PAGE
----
I am planning to replace some old (late 1800s) single pane windows with
vinyl inserts. I'm interested in getting some additional information;
regardless of brand, what are the key factors I should look at when making
my selection? What is an acceptable warranty duration?
Also, looking at the preliminary information I've collected, it appears
that I'll get substantial benefits to energy efficiency with the double
pane, but only a marginal increase above that for the argon filled. Is it
worth the extra money? Are any of the glass coating options worth looking
at, or are they just sales tactics to up the price?
After installation, should I put the old storm windows back up as an extra
layer- if so, how much additional thermal insulation are they likely to
If your existing wood windows are structurally sound, consider instead
retrofitting them with modern weatherstripping and double pane glass.
For example, in the Northeast there is a service offered by the people
at bi-glass.com (no affiliation).
Just like someone els said, If you current wood windows are still in
good structural condition you should concider installing weather
stripping or energy efficiemt jamb liners instead of new inserts. The
thing that the double window manufacturers dont want to tell you, ( I
have gotten some very frank answeres from them) Is that the actuall
energy loss through the glass its self is very minimal. Double panes
only make a few point increase inefficiency. The biggest part of
energy loss in old windows is Air infiltration around the sashes. Also
wood windows are much more effencient than vinal. Wood is much better
insulator than vinal. As well as if you keep the original wood sashes
than you dont change the look of the house. The windows are the eyes
of your house, they have a great deal to do with the over all look of
the house. Also the tripple track storm windows are junk, they do
nothing to eliminate air infiltration, all they do is keep weather off
the wood windows and help them last longer. You should go with a good
positive sealing single pane storm and that will fix all air
infiltration issues. If you have any questions check out my website.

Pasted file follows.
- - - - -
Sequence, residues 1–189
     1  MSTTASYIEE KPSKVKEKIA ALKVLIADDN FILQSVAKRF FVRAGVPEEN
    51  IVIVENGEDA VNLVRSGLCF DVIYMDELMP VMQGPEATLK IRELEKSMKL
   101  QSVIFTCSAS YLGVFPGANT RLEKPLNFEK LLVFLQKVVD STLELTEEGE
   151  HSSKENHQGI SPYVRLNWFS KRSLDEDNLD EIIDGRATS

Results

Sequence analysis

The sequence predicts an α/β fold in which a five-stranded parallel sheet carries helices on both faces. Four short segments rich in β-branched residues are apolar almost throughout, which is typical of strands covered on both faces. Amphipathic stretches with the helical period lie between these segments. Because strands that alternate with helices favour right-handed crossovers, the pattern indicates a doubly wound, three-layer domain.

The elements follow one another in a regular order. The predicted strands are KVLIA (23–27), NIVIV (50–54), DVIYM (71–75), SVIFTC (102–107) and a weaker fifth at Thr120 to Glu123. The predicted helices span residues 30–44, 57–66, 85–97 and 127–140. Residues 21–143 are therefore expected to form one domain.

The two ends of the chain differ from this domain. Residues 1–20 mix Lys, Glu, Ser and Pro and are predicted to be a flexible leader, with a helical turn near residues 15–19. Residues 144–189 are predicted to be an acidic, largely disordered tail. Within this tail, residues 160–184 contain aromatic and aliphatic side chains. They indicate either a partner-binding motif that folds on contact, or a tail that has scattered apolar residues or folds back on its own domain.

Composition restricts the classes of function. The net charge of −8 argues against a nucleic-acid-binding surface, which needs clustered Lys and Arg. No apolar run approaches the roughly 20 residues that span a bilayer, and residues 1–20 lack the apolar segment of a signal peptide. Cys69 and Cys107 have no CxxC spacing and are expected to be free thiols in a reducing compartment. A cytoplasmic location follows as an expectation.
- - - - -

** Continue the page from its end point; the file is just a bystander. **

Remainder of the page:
www.fairviewglass.com, send me email if you have any questions. Hope
this helps you
To the whole house perhaps but..
" The U value of single clear glass is 5.4
With ordinary double glazing this is improved to 2.6
With Low-E glass the U value is reduced to 1.8
If argon gas is used to fill the air gap, the U value will reduce to 1.6 "
Smaller the U value the better. (U value is similar to R value in the USA)
so that's a factor of 3 ish reduction in loss through the glass itself.
The biggest part of
If you seal up all the air gaps around your windows make sure the house has
sufficient other sources of ventilation or you will have condensation
I agree that fenestration is always considered a major loss or gain in any
Here are the U values I pulled from ASHRAE Handbook of Fundamentals (older
version, they may have changed slightly, but are the U.S. equivalents - your
site presented metric values).
(The values are for vertical glass on the exterior)
Single glass 1.10 1.04
insulated glass- 0.1875" spacing 0.62 0.65
0.25' 0.58 0.61
0.5" 0.49 0.56
w/low emittance coating (0.6) 0.43 0.51
w/storm windows (1"-4" space) 0.50 0.50
As shown, glass is a poor insulator and a great deal of heat is lost or
gained through glazing. For illustration purposes, a storm window has an
equivalent R value of R-2 per sq.ft. Compare that with a ceiling with an R
of 30 or higher or a wall cavity of R-19 (per sq.ft.).
So comparing std. insulating glass of .58 with one which as an emittance
coating of .43, assume 100 sq.ft. of glazing - 100 x .58 = 58 UA vs. 43 UA.
Assume a temperature differential of 70 def. F the std. insul glass will
loose 4060 Btu per hour vs. the low emittance at 3010 Btu per hour. That's
a different of 1000 Btu's per hour. Averaged over a heating season of 8,000
heating degree days and you quickly see that the better windows will pay for
themselves in a few years (faster in colder climates).
That I'm afraid is complete nonsense. Glazing is always the biggest loss in
any conditioned structure (normally) followed by doors and foundations.
Walls and ceilings have a large exposed surface area, but now are required
to have copious amounts of insulation (esp. in the new chapter 11 of the
2006 IRC) that their losses (on a sq.ft. basis) are actually quite small by
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